#> │ mpg  ┆ cyl ┆ disp  ┆ hp    ┆ … ┆ vs  ┆ am  ┆ gear ┆ carb │
#> │ ---  ┆ --- ┆ ---   ┆ ---   ┆   ┆ --- ┆ --- ┆ ---  ┆ ---  │
#> │ f64  ┆ f64 ┆ f64   ┆ f64   ┆   ┆ f64 ┆ f64 ┆ f64  ┆ f64  │
#> ╞══════╪═════╪═══════╪═══════╪═══╪═════╪═════╪══════╪══════╡
#> │ 21.0 ┆ 6.0 ┆ 160.0 ┆ 110.0 ┆ … ┆ 0.0 ┆ 1.0 ┆ 4.0  ┆ 4.0  │
#> │ 21.0 ┆ 6.0 ┆ 160.0 ┆ 110.0 ┆ … ┆ 0.0 ┆ 1.0 ┆ 4.0  ┆ 4.0  │
#> │ 21.4 ┆ 6.0 ┆ 258.0 ┆ 110.0 ┆ … ┆ 1.0 ┆ 0.0 ┆ 3.0  ┆ 1.0  │
#> │ 18.1 ┆ 6.0 ┆ 225.0 ┆ 105.0 ┆ … ┆ 1.0 ┆ 0.0 ┆ 3.0  ┆ 1.0  │
#> │ 19.2 ┆ 6.0 ┆ 167.6 ┆ 123.0 ┆ … ┆ 1.0 ┆ 0.0 ┆ 4.0  ┆ 4.0  │
#> │ 17.8 ┆ 6.0 ┆ 167.6 ┆ 123.0 ┆ … ┆ 1.0 ┆ 0.0 ┆ 4.0  ┆ 4.0  │
#> │ 19.7 ┆ 6.0 ┆ 145.0 ┆ 175.0 ┆ … ┆ 0.0 ┆ 1.0 ┆ 5.0  ┆ 6.0  │
#> └──────┴─────┴───────┴───────┴───┴─────┴─────┴──────┴──────┘

dat$filter(pl$col("cyl") == 6 & pl$col("am") == 1)
#> shape: (3, 11)
#> ┌──────┬─────┬───────┬───────┬───┬─────┬─────┬──────┬──────┐
#> │ mpg  ┆ cyl ┆ disp  ┆ hp    ┆ … ┆ vs  ┆ am  ┆ gear ┆ carb │
#> │ ---  ┆ --- ┆ ---   ┆ ---   ┆   ┆ --- ┆ --- ┆ ---  ┆ ---  │
#> │ f64  ┆ f64 ┆ f64   ┆ f64   ┆   ┆ f64 ┆ f64 ┆ f64  ┆ f64  │
#> ╞══════╪═════╪═══════╪═══════╪═══╪═════╪═════╪══════╪══════╡
#> │ 21.0 ┆ 6.0 ┆ 160.0 ┆ 110.0 ┆ … ┆ 0.0 ┆ 1.0 ┆ 4.0  ┆ 4.0  │
#> │ 21.0 ┆ 6.0 ┆ 160.0 ┆ 110.0 ┆ … ┆ 0.0 ┆ 1.0 ┆ 4.0  ┆ 4.0  │
#> │ 19.7 ┆ 6.0 ┆ 145.0 ┆ 175.0 ┆ … ┆ 0.0 ┆ 1.0 ┆ 5.0  ┆ 6.0  │
#> └──────┴─────┴───────┴───────┴───┴─────┴─────┴──────┴──────┘

dat$select(pl$col(c("mpg", "hp")))
#> shape: (32, 2)
#> ┌──────┬───────┐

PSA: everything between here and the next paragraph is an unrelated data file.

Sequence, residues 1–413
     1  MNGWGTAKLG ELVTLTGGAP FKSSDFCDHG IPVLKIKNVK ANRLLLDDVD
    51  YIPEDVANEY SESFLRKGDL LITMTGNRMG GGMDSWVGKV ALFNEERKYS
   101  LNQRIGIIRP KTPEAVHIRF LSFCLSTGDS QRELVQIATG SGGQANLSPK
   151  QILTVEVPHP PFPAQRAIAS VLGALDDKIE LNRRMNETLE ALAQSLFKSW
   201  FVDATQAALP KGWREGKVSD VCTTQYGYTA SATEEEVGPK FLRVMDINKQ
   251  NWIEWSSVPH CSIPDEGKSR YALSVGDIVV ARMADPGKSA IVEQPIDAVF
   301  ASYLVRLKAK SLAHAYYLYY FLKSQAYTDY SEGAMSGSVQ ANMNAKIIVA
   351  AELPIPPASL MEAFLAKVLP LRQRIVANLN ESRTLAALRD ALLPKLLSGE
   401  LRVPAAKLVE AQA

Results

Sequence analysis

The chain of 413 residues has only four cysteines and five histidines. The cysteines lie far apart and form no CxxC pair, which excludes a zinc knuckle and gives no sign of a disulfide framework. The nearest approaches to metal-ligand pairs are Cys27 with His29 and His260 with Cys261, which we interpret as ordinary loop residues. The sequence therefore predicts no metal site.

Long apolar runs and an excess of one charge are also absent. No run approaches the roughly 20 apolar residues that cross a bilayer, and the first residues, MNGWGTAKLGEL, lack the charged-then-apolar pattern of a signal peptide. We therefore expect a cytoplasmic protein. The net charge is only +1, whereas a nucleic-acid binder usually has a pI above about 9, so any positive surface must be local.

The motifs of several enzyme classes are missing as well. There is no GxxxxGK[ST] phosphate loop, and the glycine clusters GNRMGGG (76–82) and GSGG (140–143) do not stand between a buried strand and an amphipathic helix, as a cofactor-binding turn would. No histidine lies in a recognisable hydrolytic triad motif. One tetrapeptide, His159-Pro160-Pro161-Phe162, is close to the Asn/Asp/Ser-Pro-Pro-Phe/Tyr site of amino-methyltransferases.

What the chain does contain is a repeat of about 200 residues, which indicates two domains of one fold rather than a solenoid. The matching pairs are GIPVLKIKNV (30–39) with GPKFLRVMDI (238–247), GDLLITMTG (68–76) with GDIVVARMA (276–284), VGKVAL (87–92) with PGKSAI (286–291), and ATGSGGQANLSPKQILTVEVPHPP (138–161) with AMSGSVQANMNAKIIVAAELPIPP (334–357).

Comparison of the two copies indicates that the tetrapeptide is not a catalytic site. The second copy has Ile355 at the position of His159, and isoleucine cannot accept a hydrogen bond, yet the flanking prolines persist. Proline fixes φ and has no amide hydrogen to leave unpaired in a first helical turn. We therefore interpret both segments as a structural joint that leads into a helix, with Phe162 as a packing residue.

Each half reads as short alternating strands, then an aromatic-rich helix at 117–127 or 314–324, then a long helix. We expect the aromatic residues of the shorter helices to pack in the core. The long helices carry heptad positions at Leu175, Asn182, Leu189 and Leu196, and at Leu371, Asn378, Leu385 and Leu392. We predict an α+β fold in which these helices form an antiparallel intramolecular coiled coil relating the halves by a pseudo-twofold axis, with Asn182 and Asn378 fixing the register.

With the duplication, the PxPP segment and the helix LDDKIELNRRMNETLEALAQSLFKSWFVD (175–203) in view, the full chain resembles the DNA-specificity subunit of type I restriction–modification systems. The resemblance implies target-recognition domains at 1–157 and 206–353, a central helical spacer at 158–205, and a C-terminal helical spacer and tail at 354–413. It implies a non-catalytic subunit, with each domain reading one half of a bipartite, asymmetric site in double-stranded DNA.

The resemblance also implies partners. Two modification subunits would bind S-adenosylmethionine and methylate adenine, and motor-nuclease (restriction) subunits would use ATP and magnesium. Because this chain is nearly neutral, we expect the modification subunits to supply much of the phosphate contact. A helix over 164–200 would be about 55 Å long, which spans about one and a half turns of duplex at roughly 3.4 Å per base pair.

#> │ mpg  ┆ hp    │
#> │ ---  ┆ ---   │
#> │ f64  ┆ f64   │
#> ╞══════╪═══════╡
#> │ 21.0 ┆ 110.0 │
#> │ 21.0 ┆ 110.0 │
#> │ 22.8 ┆ 93.0  │
#> │ 21.4 ┆ 110.0 │
#> │ 18.7 ┆ 175.0 │
#> │ …    ┆ …     │
#> │ 30.4 ┆ 113.0 │
#> │ 15.8 ┆ 264.0 │
#> │ 19.7 ┆ 175.0 │
#> │ 15.0 ┆ 335.0 │
#> │ 21.4 ┆ 109.0 │
#> └──────┴───────┘

Of course, we can chain those methods to create a pipeline:

dat$filter(
  pl$col("cyl") == 6
)$select(
  pl$col(c("mpg", "hp", "cyl"))
)
#> shape: (7, 3)
#> ┌──────┬───────┬─────┐
#> │ mpg  ┆ hp    ┆ cyl │
#> │ ---  ┆ ---   ┆ --- │
#> │ f64  ┆ f64   ┆ f64 │
#> ╞══════╪═══════╪═════╡
#> │ 21.0 ┆ 110.0 ┆ 6.0 │
#> │ 21.0 ┆ 110.0 ┆ 6.0 │
#> │ 21.4 ┆ 110.0 ┆ 6.0 │
#> │ 18.1 ┆ 105.0 ┆ 6.0 │
#> │ 19.2 ┆ 123.0 ┆ 6.0 │
#> │ 17.8 ┆ 123.0 ┆ 6.0 │
#> │ 19.7 ┆ 175.0 ┆ 6.0 │
#> └──────┴───────┴─────┘

Aggregate and modify

The $select() method that we introduced above also supports data modification, so you can simultaneously transform it while you are subsetting. However, the result will exclude any columns that weren’t specified as part of the expression. To modify or add some columns—whilst preserving all others in the dataset—it is therefore better to use the $with_columns() method. This next code chunk is equivalent to mtcars |> dplyr::mutate(sum_mpg = sum(mpg), sum_hp = sum(hp), .by = cyl).